Sony plots mobile gaming initiative in Japan

Sony aims at Japan's reigning mobile market with its first new major smartphone game.

2 minutes & 37 seconds read time

Sony has initiated its new smartphone gaming push in Japan with preparations for the release of its first mobile game Everybody's Golf.

Sony's PlayStation 4 console is not popular in Japan. Console gaming has significantly dropped in the past decade, and mobile gaming now reigns supreme, with big-hitting free-to-play freemium games conquering the region. Sony's PS4 has won big in the West, but mobile gaming is king in Japan. Sony has a plan, however, to penetrate Japan's lucrative smartphone market by converting its key IPs into mobile titles.

To facilitate this smartphone push, SIE created ForwardWorks, a development studio that's tasked in created key mobile versions of the company's popular IPs. Sony's first free-to-play Japanese smartphone game, Everybody's Golf, is about to roll out on the market with in-app purchases to ensure long-term revenue. Like Nintendo's recent Super Mario Run release, Everybody's Golf can be played with one hand, but unlike Mario on mobile, Sony's new golf game is available on both Android and Apple iPhone mobile phones at launch.

Sony's future lineup of smartphone games include franchises and titles specifically geared towards the Japanese gamer, with key cross-over and fully-owned IPs like Arc the Lad, Wild Arms, and Parappa the Rappa coming soon.

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To understand just how unpopular console gaming is in Japan, and how important Sony's new smartphone gaming initiate actually is, we have to take a closer look at the numbers.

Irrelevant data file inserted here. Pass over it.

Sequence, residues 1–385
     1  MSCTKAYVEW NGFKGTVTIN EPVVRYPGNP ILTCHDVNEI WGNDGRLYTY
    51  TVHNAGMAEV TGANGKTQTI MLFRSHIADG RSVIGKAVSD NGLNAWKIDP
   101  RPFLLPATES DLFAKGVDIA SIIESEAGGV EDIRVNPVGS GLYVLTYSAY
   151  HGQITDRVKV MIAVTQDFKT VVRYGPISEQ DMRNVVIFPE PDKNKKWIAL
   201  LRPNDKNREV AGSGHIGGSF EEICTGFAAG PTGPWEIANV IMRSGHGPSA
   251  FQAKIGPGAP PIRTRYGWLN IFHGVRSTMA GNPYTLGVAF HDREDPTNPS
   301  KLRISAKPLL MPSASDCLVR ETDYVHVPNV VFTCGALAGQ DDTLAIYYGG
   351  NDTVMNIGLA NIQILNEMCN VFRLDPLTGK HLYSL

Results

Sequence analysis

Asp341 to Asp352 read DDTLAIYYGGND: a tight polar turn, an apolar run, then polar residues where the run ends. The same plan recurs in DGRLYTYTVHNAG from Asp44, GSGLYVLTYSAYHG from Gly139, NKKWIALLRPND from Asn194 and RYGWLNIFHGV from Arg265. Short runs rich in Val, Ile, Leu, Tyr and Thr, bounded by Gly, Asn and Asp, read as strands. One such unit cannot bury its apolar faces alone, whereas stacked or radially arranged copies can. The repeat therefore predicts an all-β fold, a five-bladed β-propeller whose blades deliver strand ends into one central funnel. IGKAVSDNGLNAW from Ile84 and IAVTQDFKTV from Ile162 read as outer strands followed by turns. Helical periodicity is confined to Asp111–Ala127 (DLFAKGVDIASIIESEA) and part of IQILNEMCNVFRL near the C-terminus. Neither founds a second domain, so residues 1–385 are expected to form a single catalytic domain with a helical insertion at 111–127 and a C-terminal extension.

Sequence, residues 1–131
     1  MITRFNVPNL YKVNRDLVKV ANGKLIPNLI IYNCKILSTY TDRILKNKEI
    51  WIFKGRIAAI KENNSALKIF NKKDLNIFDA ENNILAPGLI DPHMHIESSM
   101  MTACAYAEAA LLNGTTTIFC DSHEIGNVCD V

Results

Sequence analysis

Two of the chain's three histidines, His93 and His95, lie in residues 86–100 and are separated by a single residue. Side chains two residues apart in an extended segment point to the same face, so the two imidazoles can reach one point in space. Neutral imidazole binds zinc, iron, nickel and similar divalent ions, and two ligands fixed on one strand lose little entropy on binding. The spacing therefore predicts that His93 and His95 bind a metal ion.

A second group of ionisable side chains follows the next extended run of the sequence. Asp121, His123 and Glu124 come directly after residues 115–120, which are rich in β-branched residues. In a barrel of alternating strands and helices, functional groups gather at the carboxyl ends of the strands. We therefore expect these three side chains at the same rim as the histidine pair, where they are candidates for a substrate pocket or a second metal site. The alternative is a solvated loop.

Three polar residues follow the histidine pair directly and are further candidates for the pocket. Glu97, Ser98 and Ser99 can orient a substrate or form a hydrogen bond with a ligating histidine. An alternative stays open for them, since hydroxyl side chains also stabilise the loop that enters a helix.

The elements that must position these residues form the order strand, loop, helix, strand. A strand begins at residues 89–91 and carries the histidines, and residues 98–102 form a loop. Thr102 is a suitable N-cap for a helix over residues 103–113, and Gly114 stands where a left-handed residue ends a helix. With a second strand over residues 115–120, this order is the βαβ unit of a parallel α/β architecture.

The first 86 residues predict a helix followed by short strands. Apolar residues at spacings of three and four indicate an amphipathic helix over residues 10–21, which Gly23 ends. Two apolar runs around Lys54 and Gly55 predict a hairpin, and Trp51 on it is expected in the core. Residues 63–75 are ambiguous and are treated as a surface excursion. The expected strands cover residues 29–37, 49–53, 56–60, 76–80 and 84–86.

As it stands, only 4.5 million PS4s have been sold in its home nation of Japan versus the 43.42 million units sold in Europe and the United States combined. That means Japan makes up less than 10% of total global PS4 sales to date; in fact Japan has purchased 23% more PlayStation Vita consoles than it has PS4s, or a total of 5.53 million PS Vita handhelds.

Sony's ForwardWorks will also help build up the games-maker's new unique Project FIELD platform, which merges physical and digital trading cards in a new way.

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As we previously reported, Project FIELD may release from now until March 2018 to compliment Sony's FY2017 strategy.

Project FIELD aims to merge the massively lucrative trading card segment with digital smartphone games to create something new altogether. This is a clear jab at the Pokmemon Company's apparent push to bring its Pokemon trading card game to smartphones.

However Sony may have a hard time convincing key IP holders to join into Project FIELD simply because it merges physical trading cards with digital, and these companies typically make more money monetizing these two things separately.

For example, Sony may have difficulty securing the rights to Konami's Yu-Gi-Oh franchise for Project FIELD specifically because the series has both digital and physical trading card presences.

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Everybody's Golf is currently holding sign-ups in Japan, and it'll be interesting to see how much revenue the game can bring in during its debut quarter.

Check below for more information on Sony's smartphone gaming initiative:

Develop new audience: Create a new mobile content opportunity in Japan/Asia region

  • Establish new service business for smart devices in Japan/Asia
  • Leverage strength accumulated in traditional console business
  • - SIE's IP and know-how in game development
  • - Close relationship with 3rd party publishers and developers
  • Build a title portfolio in a wide range of genres and develop original IP
  • Create brand-new play through collaborations with Sony Group (Project FIELD)

Derek joined the TweakTown team in 2015 and has since reviewed and played 1000s of hours of new games. Derek is absorbed with the intersection of technology and gaming, and is always looking forward to new advancements. With over six years in games journalism under his belt, Derek aims to further engage the gaming sector while taking a peek under the tech that powers it. He hopes to one day explore the stars in No Man's Sky with the magic of VR.

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